Participation in school settings


Prof. Dr. Kathrin Aghamiri
E‑Mail: k.aghamiri (at) fh-muens­ter (dot) de

Prof. Dr. Benedikt Sturzenhecker
E‑Mail: benedikt.sturzenhecker (at) uni-ham­burg (dot) de

Participation in school settings

Democratic par­ti­ci­pa­ti­on in schools and class­rooms has beco­me an incre­a­singly dis­cus­sed and tes­ted topic in Germany over the past years. The rea­sons for this lie, amongst other things, in the cur­rent “class­room cri­sis” aff­lic­ting German schools, as edu­ca­tors and offi­cials grapp­le with issu­es of how to keep stu­dents moti­va­ted and enga­ged in class, while at the same time avoid “poor” per­for­mance results (see PISA stu­dy). Schools in Germany are the­re­fo­re gra­du­al­ly star­ting to shift towards a lear­ner-ori­en­ted edu­ca­tio­nal con­cept in the sen­se of a “house of lear­ning”, an edu­ca­tio­nal set­ting in which empha­sis is pla­ced not as much on the strict trans­fer of know­ledge but rather com­pe­tence acqui­si­ti­on and lear­ning groun­ded in and gai­ned through mutu­al poli­ci­es and prac­ti­ces of stu­dents and edu­ca­tors wit­hin the school community.

Democratic com­pe­tence by means of acti­ve acqui­si­ti­on gai­ned through expe­ri­ence is pre­cise­ly one of the com­pe­ten­ces that such schools under­go­ing struc­tu­ral and cur­ri­cu­lar tran­si­ti­on are star­ting to embrace. Democratic par­ti­ci­pa­ti­on in school set­tings has a dual aspect invol­ving, on the one hand, its incor­po­ra­ti­on into the for­mal school cur­ri­cu­lum and, on the other hand, its acti­ve acqui­si­ti­on as a form but also qua­li­ty of life wit­hin the immedia­te school com­mu­ni­ty. Participation is her­eby lear­ning objec­ti­ve and at the same time stan­dard of qua­li­ty with respect to the orga­niz­a­ti­on of school life.

Opening school to the out­side world of its stu­dents as well as socie­ty at lar­ge also inclu­des, as a third aspect, estab­li­shing a rela­ti­ons­hip bet­ween school and demo­cra­tic socie­ty. Participation in school set­tings is not meant to be an iso­la­ted pro­ject, but rather a means of for­ging rela­ti­ons bet­ween school and the out­side world of its stu­dents with its own respec­ti­ve demo­cra­tic and poli­ti­cal pro­ces­ses. Participation and demo­cra­cy ther­eby con­sti­tu­te sub­ject mat­ter taught in class, a struc­tu­ral cha­rac­te­ris­tic of school life, and an ele­ment of invol­ve­ment in social demo­cra­cy and politics.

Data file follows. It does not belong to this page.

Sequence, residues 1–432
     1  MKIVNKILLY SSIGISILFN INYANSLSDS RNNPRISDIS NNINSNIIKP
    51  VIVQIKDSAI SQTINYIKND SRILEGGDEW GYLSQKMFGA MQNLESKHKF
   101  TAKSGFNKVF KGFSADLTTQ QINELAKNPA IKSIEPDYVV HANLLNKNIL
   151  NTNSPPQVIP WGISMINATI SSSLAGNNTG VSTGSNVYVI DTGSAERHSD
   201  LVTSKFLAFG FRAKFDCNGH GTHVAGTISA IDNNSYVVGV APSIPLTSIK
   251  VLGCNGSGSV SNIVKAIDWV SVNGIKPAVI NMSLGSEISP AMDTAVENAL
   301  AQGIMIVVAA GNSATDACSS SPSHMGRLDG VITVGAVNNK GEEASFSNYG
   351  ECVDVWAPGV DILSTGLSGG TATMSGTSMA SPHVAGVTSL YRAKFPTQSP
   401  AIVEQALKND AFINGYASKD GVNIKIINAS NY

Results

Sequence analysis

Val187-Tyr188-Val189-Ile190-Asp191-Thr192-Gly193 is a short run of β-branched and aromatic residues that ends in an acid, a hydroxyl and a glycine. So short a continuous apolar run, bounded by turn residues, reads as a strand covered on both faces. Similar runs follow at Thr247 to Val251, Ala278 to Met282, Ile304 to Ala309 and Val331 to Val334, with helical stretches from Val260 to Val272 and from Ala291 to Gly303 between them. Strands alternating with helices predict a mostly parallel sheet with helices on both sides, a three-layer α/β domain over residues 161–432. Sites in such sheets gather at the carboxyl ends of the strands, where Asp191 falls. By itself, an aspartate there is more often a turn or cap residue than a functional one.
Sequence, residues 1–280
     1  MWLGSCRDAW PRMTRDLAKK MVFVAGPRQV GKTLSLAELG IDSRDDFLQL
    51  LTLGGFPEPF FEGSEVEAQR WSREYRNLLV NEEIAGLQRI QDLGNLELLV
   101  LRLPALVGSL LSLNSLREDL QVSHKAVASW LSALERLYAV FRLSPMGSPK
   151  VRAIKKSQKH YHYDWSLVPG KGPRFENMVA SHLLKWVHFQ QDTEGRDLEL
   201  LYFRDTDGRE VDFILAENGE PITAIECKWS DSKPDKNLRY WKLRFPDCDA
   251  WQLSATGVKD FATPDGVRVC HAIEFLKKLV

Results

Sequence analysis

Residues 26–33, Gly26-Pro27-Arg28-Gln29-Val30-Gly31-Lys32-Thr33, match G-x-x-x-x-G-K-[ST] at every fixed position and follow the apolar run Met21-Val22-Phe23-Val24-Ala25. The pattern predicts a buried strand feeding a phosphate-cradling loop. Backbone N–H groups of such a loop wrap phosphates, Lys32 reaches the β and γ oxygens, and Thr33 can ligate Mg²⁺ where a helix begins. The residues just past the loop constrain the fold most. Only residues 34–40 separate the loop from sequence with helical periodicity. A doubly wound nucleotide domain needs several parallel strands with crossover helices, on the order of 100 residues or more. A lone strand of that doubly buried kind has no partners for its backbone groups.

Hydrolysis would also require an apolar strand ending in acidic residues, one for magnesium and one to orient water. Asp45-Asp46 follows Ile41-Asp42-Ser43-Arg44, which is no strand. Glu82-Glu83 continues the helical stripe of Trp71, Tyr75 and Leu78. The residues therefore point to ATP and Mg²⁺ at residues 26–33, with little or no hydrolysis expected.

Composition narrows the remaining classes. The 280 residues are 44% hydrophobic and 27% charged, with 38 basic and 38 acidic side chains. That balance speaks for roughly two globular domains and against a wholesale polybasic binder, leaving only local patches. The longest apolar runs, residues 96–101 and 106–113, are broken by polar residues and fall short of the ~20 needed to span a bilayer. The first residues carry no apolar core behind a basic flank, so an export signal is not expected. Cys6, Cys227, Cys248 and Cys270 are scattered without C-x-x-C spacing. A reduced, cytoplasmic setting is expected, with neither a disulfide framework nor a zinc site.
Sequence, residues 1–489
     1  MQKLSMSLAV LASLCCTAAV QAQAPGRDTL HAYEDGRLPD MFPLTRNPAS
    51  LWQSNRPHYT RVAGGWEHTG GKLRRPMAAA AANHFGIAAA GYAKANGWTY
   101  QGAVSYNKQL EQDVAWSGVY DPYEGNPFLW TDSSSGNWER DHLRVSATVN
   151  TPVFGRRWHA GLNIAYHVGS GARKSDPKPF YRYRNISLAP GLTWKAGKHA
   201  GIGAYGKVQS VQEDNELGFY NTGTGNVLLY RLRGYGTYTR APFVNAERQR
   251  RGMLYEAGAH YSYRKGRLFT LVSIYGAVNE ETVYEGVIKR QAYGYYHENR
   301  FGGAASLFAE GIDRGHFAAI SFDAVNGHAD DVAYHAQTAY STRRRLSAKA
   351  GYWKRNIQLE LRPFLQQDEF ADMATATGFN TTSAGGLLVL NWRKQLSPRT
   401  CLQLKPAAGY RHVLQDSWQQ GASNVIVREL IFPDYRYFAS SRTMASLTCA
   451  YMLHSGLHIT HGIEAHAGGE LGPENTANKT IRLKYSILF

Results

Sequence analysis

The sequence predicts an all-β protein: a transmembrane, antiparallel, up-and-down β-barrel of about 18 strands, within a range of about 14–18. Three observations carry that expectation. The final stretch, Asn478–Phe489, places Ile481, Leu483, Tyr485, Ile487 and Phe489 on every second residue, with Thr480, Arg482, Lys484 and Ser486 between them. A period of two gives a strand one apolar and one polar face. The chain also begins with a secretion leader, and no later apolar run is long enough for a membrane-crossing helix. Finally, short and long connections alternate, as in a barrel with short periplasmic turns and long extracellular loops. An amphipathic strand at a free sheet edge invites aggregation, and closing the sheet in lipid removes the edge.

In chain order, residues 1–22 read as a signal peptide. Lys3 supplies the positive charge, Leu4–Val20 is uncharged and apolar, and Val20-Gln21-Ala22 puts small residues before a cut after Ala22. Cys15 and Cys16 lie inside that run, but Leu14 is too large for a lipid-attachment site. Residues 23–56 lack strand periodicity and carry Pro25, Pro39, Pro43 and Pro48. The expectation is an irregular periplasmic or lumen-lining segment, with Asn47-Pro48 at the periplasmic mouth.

However, put­ting the­se con­cepts into prac­ti­ce has pro­ven dif­fi­cult for schools: Given the struc­tu­ral imba­lan­ce of powers among tho­se invol­ved, the tra­di­tio­nal empha­sis on per­for­mance and acqui­si­ti­on of know­ledge, the poli­ti­cal neu­tra­li­ty in schools as well as the distance bet­ween school and the out­side world of its stu­dents, par­ti­ci­pa­to­ry demo­cra­tic prac­ti­ce in school set­tings can by no means be regar­ded as a mat­ter of cour­se. Despite a cer­tain level of fami­lia­ri­ty with demo­cra­tic con­cepts as part of poli­ti­cal edu­ca­ti­on clas­ses, for examp­le, the­re is often a lack of pedago­gi­cal ide­as and methods nee­ded in order to con­struct class­room set­tings, but also life wit­hin the school com­mu­ni­ty as a who­le, con­du­ci­ve to par­ti­ci­pa­to­ry demo­cra­tic prac­ti­ce. Studies show that genui­ne stu­dent par­ti­ci­pa­ti­on is often all too easi­ly wate­red down by cir­cum­ven­ting their invol­ve­ment in “tru­ly important” decisi­on-making processes.

Within the scope of major edu­ca­tio­nal pro­jects on demo­cra­cy, such as the BLK (federal edu­ca­ti­on com­mis­si­on) model pro­ject “Learning and Living Democracy”, German schools are incre­a­singly chal­len­ged to deve­lop con­cepts and set­tings for stu­dents to expe­ri­ence demo­cra­cy. Child and youth wel­fa­re orga­niz­a­ti­ons can play an important role by sup­por­ting schools in such endea­vors, as they can draw from their vast expe­ri­ence in democratic/participatory con­cepts wit­hin child day­ca­re faci­li­ties as well as child and youth work. Working tog­e­ther to estab­lish child and youth rights to par­ti­ci­pa­ti­on as well as deve­lop pro­fes­sio­nal prac­ti­ce con­cepts is one of the most pro­mi­sing are­as or topics of col­la­bo­ra­ti­on bet­ween school and youth welfare.


The Institute for Participation and Education can pro­vi­de sup­port in the fol­lowing areas:

  • Examination and expan­si­on of the scope of child and youth par­ti­ci­pa­ti­on prac­ti­ce wit­hin schools
  • Development of appro­pria­te pro­fes­sio­nal prac­ti­ce con­cepts for indi­vi­du­al schools
  • Teacher/staff trai­ning in par­ti­ci­pa­to­ry practice
  • Development of coope­ra­ti­on pro­jects on democracy/participation bet­ween school and child and youth welfare
  • Development of school pro­jects on par­ti­ci­pa­ti­on to assist child­ren and young peop­le in their gro­wing invol­ve­ment in decisi­on-making pro­ces­ses at local com­mu­ni­ty and government levels